The tapirs in Costa Rica are known as Baird’s tapirs. This species is native to both Central America and South America and is known as being the largest of Central America’s native land mammals. Once close to extinction, the Baird’s tapir has been faring relatively well in recent years. This is largely due to wildlife protection efforts that have been made in Costa Rica. A biological corridor for the curious creatures has actually been established in the country. It is found between the Los Santos Reserve and Corcovado National Park.
The tapirs in Costa Rica, or Baird’s tapirs, can measure up to six-and-a-half feet long. As for their weight, the heftiest examples weigh around 660 pounds. Herbivores, they dine on such things as twigs, leaves, grass, and fruit. Generally speaking, they prefer a solitary existence and can live up to 30 years. In relation to habitat, the tapirs in Costa Rica like to stay near water, and they are known for being good swimmers. Primary forests are where they thrive the most.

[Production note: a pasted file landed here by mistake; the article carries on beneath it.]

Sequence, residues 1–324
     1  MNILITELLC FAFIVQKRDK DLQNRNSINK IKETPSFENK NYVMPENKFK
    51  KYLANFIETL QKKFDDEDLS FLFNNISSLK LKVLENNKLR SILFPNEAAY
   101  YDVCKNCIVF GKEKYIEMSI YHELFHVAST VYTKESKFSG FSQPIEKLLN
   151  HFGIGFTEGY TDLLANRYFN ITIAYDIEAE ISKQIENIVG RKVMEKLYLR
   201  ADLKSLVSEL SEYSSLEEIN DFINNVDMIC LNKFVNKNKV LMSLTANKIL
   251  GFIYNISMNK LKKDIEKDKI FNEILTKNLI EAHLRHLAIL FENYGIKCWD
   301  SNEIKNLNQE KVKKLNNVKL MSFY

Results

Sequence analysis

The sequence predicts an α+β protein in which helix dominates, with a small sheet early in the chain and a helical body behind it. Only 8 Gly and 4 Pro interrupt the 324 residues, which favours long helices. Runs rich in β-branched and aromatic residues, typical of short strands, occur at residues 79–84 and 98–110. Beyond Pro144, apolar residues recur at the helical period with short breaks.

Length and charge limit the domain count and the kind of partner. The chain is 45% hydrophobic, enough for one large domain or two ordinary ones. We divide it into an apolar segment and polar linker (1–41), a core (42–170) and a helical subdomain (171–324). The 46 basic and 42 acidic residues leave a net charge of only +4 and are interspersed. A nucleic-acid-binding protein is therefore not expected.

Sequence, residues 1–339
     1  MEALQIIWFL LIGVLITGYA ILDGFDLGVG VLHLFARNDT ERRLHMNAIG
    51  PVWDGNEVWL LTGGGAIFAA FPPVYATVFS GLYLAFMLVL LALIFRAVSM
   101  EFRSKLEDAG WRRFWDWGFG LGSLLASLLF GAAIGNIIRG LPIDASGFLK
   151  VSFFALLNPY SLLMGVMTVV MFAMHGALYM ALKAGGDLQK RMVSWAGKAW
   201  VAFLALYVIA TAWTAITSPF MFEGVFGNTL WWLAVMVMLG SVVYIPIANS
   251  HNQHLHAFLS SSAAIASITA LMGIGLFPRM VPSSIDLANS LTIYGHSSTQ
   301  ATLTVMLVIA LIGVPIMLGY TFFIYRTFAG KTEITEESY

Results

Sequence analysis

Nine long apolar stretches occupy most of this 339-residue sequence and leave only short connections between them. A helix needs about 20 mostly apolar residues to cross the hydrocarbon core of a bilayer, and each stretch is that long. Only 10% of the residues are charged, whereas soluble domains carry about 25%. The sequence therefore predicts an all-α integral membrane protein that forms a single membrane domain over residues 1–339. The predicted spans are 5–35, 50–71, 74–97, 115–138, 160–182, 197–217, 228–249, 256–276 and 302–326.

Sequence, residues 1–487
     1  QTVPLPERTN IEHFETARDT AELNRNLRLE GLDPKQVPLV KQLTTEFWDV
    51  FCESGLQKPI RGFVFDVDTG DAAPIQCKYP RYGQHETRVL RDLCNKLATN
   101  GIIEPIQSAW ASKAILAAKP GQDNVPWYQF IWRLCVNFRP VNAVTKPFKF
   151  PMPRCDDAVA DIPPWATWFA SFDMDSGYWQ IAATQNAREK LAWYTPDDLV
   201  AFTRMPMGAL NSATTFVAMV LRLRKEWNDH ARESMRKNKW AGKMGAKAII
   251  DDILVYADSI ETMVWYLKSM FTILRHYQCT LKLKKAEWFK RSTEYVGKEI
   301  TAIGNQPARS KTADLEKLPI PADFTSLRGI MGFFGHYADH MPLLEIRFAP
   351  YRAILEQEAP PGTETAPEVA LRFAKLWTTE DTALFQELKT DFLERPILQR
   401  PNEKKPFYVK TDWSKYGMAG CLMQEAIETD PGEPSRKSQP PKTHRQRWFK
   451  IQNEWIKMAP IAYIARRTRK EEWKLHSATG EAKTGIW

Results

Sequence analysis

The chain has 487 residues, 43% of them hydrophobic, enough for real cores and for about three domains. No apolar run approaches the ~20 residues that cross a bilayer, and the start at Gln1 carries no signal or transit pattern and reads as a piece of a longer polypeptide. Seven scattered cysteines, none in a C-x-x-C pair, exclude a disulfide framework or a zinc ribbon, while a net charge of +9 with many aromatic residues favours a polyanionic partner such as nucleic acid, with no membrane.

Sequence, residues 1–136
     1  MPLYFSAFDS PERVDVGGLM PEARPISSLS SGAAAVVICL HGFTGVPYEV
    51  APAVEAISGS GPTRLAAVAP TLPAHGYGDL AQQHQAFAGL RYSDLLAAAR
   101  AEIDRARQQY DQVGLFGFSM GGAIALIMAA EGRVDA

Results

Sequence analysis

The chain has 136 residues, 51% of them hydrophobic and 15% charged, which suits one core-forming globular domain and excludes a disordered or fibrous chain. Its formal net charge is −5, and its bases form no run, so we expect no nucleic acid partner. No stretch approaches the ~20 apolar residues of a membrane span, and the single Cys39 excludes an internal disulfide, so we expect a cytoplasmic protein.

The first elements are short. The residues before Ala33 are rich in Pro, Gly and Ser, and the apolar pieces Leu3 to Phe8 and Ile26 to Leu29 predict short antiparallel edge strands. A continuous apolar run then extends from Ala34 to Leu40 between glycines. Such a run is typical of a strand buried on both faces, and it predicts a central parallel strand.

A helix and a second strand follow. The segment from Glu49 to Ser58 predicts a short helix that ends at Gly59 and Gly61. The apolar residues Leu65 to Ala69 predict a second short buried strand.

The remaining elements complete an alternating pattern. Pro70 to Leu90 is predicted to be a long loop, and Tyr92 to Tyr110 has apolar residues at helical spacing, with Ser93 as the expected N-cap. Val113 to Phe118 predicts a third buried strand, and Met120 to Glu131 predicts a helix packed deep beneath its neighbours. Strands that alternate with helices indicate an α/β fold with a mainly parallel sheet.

Baird’s tapirs are spotted in a number of places around Costa Rica. Examples of these places include the Monteverde Cloud Forest Reserve, the Santa Elena Cloud Forest Reserve, Rincon de la Vieja National Park, and Corcovado National Park. While tapirs are most active at dusk and during the nighttime hours, tourists in Costa Rica are known to spot them in the wild during the day. Often times, these fortunate tourists are enjoying a guided hiking and/or wildlife viewing tour.